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        Provision of a healthy weight maintenance programme for men treated for prostate cancer: a study of patients' preferences
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        Provision of a healthy weight maintenance programme for men treated for prostate cancer: a study of patients' preferences
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        Provision of a healthy weight maintenance programme for men treated for prostate cancer: a study of patients' preferences
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Cancer represents a major global public health problem. With over 36 000 cases diagnosed in 2007 accounting for nearly a quarter (24.2%) of all new male cancer diagnoses, prostate cancer became the most common cancer in men in the United Kingdom. Prostate cancer is often curable by surgery or radiotherapy when confined to the gland. However, approximately 37% of patients may have recurrence within five years(1). Despite inconsistent findings relating the incidence of prostate cancer with obesity, increased prostate cancer mortality in obese men appears to be more convincing(2). Recent studies also suggest that obesity may be related to higher recurrence rates after treatment(3). Therefore, this questionnaire survey aimed to evaluate patient's baseline knowledge, views and attitudes towards weight control and when they would have been ready to commence such a programme in order to inform the development of a weight management programme.

A total of 382 patients from Aberdeen Urology Cancer Charity (UCAN) Care Centre database who were diagnosed with localised and locally advanced prostate cancer were invited to participate in the study and mailed a questionnaire and 261 (68%) completed the questionnaire. The mean age of the respondents was 68.9 years (sd 7.6) and they had been diagnosed for a mean of 1.7 years (sd 1.3). Self-reported weight and height were used to calculate current body mass index (BMI). Even though more than half (54%) did not report currently having any concern about their weight, 75% (n= 187) were overweight or obese (BMI>25 kg/m2) with a mean BMI of 27.5 kg/m2 (sd 3.7).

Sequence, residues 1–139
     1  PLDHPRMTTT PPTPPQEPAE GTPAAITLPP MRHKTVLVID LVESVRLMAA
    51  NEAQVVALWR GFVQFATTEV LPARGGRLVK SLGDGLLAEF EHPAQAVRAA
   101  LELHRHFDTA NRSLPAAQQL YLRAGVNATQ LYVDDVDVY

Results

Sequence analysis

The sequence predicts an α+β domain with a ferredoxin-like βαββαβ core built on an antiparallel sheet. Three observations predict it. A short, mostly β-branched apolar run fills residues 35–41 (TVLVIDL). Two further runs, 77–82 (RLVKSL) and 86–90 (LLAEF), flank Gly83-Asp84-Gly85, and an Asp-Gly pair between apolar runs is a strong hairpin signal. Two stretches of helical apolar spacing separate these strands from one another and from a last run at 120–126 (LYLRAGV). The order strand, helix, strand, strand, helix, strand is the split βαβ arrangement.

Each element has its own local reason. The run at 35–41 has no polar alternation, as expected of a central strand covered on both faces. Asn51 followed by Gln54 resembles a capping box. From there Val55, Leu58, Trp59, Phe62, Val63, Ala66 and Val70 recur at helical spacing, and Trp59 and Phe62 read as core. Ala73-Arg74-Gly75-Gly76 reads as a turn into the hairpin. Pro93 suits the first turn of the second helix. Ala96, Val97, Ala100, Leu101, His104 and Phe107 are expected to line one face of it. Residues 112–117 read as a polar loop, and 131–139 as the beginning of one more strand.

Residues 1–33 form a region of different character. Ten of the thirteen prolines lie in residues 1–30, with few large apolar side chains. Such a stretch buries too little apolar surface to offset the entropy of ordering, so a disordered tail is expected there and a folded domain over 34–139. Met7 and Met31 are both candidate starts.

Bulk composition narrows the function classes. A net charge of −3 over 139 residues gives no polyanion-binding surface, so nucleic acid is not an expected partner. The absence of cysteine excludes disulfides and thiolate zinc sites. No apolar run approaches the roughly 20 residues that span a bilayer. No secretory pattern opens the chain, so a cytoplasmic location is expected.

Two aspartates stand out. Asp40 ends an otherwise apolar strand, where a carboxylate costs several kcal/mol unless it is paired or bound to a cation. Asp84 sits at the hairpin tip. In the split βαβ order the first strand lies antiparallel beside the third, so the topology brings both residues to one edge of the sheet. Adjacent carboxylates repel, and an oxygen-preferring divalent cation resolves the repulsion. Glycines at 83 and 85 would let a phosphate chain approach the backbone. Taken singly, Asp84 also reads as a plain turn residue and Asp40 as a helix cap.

The majority of the respondents reported that they did not change their eating habits after being diagnosed in terms of either the type of food (89%), amount of food (86%) or frequency of eating (95%). Their exercise habit namely type (89%), intensity (84%) and amount of time spent in exercise (84%) also did not change. The majority (60%) of respondents who would have liked to do more exercise or physical activity preferred to do it on their own rather than in a group. Amongst those who preferred group exercise, the majority preferred sessions once (46%) or twice a week (34%). The preference was for gentle exercise such as walking (82%) or medium intensity exercise or physical activity such as cycling (37%), swimming (24%) and circuit training (17%) rather than running (9%). Those who would have liked more advice on how to maintain a healthy weight preferred to have it either straight away (69%) or within three months (19%) of diagnosis. Again group sessions were less preferable (17%) than individual advice given either as a one-to-one session (44%), by mail (30%) or via the internet (8%). Clinical settings such as the UCAN Care Centre within the Aberdeen Royal Infirmary (ARI) (53%), GP Surgery (27%) and ARI (12%) were the preferred places for the session to take place. Further information will be obtained from focus group discussions in which almost half (49.6%) of the men responding to the questionnaire said they would be willing to take part.

The questionnaire and focus group findings will inform the development of a suitable weight management programme for men treated for prostate cancer.

Funding was provided in part by the Cancer Research Aberdeen & North East Scotland (CRANES)

1.Khuntia, D, Reddy, CA, Mahadevan, A et al. (2004) Cancer 100, 12831292.
2.Calle, EE, Rodriguez, C, Walker-Thurmond, K et al. (2003) N Engl J Med 348, 16251638.
3.Freedland, SJ, Aronson, WJ, Kane, CJ et al. (2004) J Clin Oncol 22, 446.